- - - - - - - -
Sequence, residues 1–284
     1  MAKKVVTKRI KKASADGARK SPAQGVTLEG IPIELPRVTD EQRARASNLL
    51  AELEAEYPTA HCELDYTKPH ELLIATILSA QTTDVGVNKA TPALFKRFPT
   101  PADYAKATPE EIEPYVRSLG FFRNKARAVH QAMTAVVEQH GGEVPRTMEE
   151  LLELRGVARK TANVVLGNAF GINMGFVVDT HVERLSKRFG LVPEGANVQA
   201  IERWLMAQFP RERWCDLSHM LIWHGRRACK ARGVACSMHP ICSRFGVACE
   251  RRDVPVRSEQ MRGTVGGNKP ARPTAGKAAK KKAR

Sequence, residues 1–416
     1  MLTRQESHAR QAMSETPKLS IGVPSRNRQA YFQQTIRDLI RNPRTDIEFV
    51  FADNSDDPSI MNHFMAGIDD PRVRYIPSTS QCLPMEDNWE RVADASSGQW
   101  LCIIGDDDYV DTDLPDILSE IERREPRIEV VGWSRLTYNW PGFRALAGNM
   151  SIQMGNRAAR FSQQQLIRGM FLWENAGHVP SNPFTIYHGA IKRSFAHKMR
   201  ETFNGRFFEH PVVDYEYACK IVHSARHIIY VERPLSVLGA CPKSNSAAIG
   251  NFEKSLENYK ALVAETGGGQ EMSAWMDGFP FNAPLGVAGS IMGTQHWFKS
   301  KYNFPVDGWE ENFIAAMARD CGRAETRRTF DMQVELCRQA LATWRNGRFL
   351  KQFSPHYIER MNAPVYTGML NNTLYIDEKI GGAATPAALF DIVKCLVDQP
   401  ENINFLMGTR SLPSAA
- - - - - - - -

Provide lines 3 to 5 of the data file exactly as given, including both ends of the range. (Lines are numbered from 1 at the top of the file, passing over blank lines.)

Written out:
    51  AELEAEYPTA HCELDYTKPH ELLIATILSA QTTDVGVNKA TPALFKRFPT
   101  PADYAKATPE EIEPYVRSLG FFRNKARAVH QAMTAVVEQH GGEVPRTMEE
   151  LLELRGVARK TANVVLGNAF GINMGFVVDT HVERLSKRFG LVPEGANVQA